One War Ends, Another Begins: 1945 and the Eruption of the Cold War




In 1945, one major war ended and another began.


Edited by Matthew A. McIntosh / 09.26.2018
Historian
Brewminate Editor-in-Chief



The Cold War lasted about 45 years. There were no direct military campaigns between the two main antagonists, the United States and the Soviet Union. Yet billions of dollars and millions of lives were lost in the fight.

The United States became the leader of the free-market capitalist world. America and its allies struggled to keep the communist, totalitarian Soviet Union from expanding into Europe, Asia, and Africa. Theaters as remote as Korea and Vietnam, Cuba and Grenada, Afghanistan and Angola, became battlegrounds between the two ideologies. One postwar pattern quickly became clear. The United States would not retreat into its former isolationist stance as long as there was a Cold War to wage.

Winston Churchill’s 1946 speech to Westminster University in Missouri contained the first reference to the communism of Eastern Europe as an “iron curtain.”

The long-term causes of the Cold War are clear. Western democracies had always been hostile to the idea of a communist state. The United States had refused recognition to the USSR for 16 years after the Bolshevik takeover. Domestic fears of communism erupted in a Red Scare in America in the early Twenties. American business leaders had long feared the consequences of a politically driven workers’ organization. World War II provided short-term causes as well.

There was hostility on the Soviet side as well. Twenty million Russian citizens perished during World War II. Stalin was enraged that the Americans and British had waited so long to open a front in France. This would have relieved pressure on the Soviet Union from the attacking Germans. Further, The United States terminated Lend-Lease aid to the Soviet Union before the war was complete. Finally, the Soviet Union believed in communism.

Stalin made promises during the war about the freedom of eastern Europe on which he blatantly reneged. At the Yalta Conference, the USSR pledged to enter the war against Japan no later than three months after the conclusion of the European war. In return, the United States awarded the Soviets territorial concessions from Japan and special rights in Chinese Manchuria.

 

[LEFT]: This map depicts the situation in Europe around the time of V-E Day. Soviet troops (in red) were able to secure Eastern Europe, while the other Allies worked to win the West.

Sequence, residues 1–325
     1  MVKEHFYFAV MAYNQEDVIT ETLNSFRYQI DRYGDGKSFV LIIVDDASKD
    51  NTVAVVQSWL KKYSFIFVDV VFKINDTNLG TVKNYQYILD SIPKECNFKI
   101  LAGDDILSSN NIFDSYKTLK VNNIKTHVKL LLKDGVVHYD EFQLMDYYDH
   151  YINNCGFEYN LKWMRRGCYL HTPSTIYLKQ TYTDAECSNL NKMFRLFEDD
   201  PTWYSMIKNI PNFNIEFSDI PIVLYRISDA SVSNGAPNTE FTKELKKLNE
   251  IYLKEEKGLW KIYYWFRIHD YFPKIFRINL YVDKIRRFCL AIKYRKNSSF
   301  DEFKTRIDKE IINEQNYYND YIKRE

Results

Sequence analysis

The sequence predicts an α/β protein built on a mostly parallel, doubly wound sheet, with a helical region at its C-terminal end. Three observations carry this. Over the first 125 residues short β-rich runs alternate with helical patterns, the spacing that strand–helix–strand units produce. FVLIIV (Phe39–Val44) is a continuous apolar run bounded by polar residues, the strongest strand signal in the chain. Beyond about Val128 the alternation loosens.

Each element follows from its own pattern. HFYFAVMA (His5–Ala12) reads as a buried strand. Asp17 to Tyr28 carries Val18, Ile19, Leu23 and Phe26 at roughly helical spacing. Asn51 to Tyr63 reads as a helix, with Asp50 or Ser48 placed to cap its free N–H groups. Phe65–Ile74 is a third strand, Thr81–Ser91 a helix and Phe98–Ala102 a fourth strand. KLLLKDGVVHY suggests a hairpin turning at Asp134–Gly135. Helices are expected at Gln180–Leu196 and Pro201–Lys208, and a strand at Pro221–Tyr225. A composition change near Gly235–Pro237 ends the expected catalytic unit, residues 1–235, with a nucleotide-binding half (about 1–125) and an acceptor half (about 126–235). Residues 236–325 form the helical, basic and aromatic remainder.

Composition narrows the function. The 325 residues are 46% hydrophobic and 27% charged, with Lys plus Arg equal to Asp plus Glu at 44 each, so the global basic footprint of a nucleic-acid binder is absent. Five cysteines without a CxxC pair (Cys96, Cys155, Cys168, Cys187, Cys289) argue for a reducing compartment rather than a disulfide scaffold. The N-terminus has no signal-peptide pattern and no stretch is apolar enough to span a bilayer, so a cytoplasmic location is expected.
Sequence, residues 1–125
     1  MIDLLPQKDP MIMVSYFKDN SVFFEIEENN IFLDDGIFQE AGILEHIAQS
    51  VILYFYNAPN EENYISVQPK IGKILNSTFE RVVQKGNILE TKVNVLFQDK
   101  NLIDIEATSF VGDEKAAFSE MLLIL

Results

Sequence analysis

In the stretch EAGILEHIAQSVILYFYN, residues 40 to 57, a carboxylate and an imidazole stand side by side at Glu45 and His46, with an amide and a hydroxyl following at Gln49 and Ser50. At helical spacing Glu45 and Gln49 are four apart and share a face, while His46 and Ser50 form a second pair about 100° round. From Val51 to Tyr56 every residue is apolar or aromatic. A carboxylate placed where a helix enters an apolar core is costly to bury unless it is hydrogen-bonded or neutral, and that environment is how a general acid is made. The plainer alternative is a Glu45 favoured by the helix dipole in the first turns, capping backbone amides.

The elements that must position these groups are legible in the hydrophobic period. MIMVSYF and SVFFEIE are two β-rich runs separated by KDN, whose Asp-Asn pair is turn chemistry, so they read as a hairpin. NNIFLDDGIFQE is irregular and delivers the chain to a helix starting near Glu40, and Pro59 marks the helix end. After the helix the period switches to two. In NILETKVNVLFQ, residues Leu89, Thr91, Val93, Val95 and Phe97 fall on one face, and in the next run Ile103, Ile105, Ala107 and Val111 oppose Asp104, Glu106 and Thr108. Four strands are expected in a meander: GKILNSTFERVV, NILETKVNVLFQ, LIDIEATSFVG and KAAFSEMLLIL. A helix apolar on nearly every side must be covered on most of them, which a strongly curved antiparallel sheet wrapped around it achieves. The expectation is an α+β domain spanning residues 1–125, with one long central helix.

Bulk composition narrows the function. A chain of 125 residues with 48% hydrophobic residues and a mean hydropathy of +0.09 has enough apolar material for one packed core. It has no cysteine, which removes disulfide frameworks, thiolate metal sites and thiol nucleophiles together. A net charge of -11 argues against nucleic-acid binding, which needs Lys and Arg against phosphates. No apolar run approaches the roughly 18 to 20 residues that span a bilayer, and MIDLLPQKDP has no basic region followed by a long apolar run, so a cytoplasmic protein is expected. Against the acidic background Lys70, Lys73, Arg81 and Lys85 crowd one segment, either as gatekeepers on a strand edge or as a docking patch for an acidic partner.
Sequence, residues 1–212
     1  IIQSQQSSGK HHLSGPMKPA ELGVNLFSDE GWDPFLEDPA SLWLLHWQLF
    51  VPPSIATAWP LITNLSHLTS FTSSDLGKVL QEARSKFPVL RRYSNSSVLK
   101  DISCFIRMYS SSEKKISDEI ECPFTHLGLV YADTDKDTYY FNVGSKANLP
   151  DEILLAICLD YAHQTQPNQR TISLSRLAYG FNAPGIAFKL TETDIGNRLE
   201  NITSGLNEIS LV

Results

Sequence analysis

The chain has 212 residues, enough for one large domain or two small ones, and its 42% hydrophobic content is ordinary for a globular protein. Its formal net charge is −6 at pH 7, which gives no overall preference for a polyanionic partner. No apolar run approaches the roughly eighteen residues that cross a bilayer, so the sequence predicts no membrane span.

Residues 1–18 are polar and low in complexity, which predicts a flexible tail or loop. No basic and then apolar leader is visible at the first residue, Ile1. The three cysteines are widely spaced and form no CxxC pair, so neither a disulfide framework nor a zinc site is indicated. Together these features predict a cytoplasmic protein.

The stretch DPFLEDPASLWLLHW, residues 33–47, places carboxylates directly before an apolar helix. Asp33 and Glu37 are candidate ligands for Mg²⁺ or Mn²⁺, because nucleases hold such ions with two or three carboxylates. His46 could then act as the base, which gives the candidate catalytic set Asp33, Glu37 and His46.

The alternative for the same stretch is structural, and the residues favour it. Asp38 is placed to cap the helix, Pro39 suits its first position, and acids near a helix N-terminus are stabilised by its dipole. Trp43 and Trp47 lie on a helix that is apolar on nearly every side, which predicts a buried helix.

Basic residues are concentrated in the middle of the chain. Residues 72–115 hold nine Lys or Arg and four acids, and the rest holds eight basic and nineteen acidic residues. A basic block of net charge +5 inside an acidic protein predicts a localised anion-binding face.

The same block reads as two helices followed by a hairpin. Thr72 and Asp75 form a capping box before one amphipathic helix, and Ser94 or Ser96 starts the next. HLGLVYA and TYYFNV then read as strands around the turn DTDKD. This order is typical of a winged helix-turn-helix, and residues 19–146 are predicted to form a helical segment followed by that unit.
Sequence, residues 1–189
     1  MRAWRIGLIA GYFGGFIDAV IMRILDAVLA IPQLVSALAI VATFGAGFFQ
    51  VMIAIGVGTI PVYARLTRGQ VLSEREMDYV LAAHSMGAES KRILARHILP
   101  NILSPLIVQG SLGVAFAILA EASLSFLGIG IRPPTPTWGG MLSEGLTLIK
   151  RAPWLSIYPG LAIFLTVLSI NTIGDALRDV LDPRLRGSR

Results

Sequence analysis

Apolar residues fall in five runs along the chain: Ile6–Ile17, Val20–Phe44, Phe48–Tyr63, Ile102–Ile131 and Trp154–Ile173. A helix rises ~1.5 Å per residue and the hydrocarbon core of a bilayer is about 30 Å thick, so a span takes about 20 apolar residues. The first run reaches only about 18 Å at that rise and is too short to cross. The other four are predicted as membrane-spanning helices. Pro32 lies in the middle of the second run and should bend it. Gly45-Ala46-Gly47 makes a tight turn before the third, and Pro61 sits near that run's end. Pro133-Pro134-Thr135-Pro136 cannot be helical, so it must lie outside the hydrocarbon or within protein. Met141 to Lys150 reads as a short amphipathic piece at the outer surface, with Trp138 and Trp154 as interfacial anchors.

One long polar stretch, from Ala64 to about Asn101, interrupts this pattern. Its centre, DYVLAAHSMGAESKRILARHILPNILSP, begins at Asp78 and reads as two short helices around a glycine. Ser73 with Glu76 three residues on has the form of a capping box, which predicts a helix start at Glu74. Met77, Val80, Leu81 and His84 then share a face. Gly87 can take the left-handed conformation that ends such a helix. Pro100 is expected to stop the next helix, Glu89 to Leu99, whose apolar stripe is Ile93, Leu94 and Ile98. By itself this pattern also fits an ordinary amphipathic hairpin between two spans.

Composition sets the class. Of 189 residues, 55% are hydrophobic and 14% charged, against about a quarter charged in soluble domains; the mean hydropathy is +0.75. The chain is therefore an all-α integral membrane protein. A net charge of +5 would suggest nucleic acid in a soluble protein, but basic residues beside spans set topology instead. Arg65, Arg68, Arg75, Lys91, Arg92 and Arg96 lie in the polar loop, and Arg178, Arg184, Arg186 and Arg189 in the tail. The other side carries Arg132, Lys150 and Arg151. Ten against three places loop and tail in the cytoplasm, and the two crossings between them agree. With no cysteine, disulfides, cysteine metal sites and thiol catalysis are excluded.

[RIGHT]: Europe in 1946 was becoming increasingly divided by the “iron curtain” seen in this map. Countries to the east of the orange line remained — or became — communist following World War II.

When the Soviet Union entered the war between the bombings of Hiroshima and Nagasaki, the United States no longer needed their aid, but Stalin was there to collect on Western promises. All these factors contributed to a climate of mistrust that heightened tensions at the outbreak of the Cold War.

For most of the second half of the 20th century, the USSR and the United States were engaged in a Cold War of economic and diplomatic struggles. The communist bloc, as it appeared in 1950, included countries to the west and southeast of the Soviet Union.

At Potsdam, the Allies agreed on the postwar outcome for Nazi Germany. After territorial adjustments, Germany was divided into four occupation zones with the United States, Great Britain, France, and the Soviet Union each administering one. Germany was to be democratized and de-Nazified. Once the Nazi leaders were arrested and war crimes trials began, a date would be agreed upon for the election of a new German government and the withdrawal of Allied troops.

This process was executed in the zones held by the western Allies. In the eastern Soviet occupation zone, a puppet communist regime was elected. There was no promise of repatriation with the west. Soon such governments, aided by the Soviet Red Army came to power all across eastern Europe. Stalin was determined to create a buffer zone to prevent any future invasion of the Russian heartland.

Winston Churchill remarked in 1946 that an “iron curtain had descended across the continent.”



Originally published by The Independence Hall Association under a Creative Commons Attribution 4.0 International license.

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